4. Intelligence finds new vulnerability exploits before they get weaponized.
Vulnerabilities are a perpetual challenge to all organizations, but not all vulnerabilities are created equal. Intelligence helps you identify and prioritize vulnerabilities based on the threat to your network and technology stack. Exploited vulnerabilities mentioned on dark web criminal forums, or advertised proof-of-concept exploit code for sale, show you early warnings on criminal intent-to-use. Ransomware actors continually improve their malware access and persistence using new exploits.
Intelligence tracks real-world weaponization of vulnerability exploits, such as our proprietary harvesting of code samples and our malware sandbox showing which vulnerability exploits are appearing in the wild. Risk scoring to show you which vulnerabilities are being actively exploited helps you patch before a breach.
5. Intelligence hunts ransomware tools on your network to detect them fast.
If ransomware actors get into your network, speed is essential to defense. Earlier in this post we talked about how intelligence can help you discover and defend against ongoing attacks by assisting threat hunting efforts. But ongoing attacks are often enabled by external infrastructure command & control servers (C2).
Intelligence can provide immediate, up-to-date context on malicious infrastructure, like ransomware C2 IP addresses or IP addresses which appear to be serving malicious content. And at-a-glance context, like our Risk Rules, can save your security operations teams precious moments when defending against ransomware attacks.
6. Intelligence finds and tracks victims so you can have confidence in your supply chain.
Unfortunately, ransomware continues to be a plague threatening nearly every organization around the world. Intelligence can help you identify the numerous victims of ransomware attacks, and bolster your security team efforts to ensure a secure supply chain. For example, our Third Party Intelligence can help track companies in your supply chain, from vendors and partners to potential merger and acquisition targets, illuminating possible security flaws or cyber attack events like ransomware attacks for further investigation by your security teams. And our Insikt Group continually tracks, and even interviews, the criminals behind ransomware gangs to provide you and your team the best insights into their intentions and activities.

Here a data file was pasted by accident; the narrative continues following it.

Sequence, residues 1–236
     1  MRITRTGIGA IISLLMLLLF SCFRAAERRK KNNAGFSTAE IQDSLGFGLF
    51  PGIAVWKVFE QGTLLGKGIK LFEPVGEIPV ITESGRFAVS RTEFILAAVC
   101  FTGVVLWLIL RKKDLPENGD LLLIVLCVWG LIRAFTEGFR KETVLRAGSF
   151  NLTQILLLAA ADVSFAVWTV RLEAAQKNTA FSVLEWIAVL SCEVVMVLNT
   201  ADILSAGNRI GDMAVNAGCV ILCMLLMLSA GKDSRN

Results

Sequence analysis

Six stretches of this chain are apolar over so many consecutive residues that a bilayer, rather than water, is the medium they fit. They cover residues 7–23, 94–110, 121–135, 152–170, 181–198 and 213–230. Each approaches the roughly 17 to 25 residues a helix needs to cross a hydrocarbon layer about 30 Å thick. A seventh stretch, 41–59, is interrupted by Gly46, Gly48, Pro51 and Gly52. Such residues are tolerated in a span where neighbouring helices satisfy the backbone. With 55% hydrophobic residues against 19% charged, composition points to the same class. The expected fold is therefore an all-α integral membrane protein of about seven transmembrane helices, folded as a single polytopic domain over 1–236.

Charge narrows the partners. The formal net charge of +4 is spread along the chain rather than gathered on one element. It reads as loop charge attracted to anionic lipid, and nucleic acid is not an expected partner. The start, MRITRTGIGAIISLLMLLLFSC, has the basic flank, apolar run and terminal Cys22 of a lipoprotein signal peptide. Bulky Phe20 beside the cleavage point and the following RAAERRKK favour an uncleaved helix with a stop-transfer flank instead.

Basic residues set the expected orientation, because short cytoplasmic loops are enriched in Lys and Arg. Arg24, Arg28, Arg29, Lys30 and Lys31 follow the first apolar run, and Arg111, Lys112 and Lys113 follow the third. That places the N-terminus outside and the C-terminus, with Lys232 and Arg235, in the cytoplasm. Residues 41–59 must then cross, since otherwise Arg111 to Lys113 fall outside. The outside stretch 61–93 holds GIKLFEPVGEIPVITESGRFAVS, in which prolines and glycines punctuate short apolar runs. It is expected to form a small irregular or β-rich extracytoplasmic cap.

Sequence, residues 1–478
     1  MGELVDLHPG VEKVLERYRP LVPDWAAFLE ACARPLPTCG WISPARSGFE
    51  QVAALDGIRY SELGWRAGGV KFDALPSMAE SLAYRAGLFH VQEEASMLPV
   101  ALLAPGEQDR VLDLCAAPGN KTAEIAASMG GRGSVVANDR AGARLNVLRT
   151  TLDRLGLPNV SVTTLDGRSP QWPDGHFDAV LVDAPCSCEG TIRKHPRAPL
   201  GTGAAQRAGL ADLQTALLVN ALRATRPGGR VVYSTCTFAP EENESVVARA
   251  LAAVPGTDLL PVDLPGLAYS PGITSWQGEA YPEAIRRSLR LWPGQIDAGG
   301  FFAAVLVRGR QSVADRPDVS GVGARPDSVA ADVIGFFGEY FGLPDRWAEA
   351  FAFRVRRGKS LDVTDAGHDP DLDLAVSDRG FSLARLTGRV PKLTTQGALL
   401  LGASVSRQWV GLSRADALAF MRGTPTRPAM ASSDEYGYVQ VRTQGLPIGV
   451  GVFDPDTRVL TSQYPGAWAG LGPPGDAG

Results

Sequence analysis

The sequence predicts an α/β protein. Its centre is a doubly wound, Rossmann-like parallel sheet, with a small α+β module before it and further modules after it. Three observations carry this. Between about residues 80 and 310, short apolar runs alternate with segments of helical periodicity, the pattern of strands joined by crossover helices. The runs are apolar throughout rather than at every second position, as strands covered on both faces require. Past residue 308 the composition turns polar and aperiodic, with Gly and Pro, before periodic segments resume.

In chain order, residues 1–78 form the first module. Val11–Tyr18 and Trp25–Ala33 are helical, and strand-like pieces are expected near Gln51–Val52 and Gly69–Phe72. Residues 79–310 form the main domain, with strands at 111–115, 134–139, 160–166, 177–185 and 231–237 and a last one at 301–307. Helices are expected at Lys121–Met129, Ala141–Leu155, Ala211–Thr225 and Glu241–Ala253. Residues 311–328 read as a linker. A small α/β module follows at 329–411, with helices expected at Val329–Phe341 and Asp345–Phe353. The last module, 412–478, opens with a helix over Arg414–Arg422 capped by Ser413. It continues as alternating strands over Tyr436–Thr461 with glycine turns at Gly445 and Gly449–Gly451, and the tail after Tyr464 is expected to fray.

Intelligence is a powerful way to drive prevention efforts against ransomware, while helping strengthen security efforts overall. At Recorded Future, our mission is to enable defenders, and we believe intelligence can be one of the most substantial tools in your arsenal.
To learn more about the state of ransomware going into the new year register for our webinar, “What Intelligence Tells Us About Ransomware in 2021 — And What to Expect Next,” on December 14th at 11AM ET.
This post appeared first on Recorded Future’s Blog
Author: John Wetzel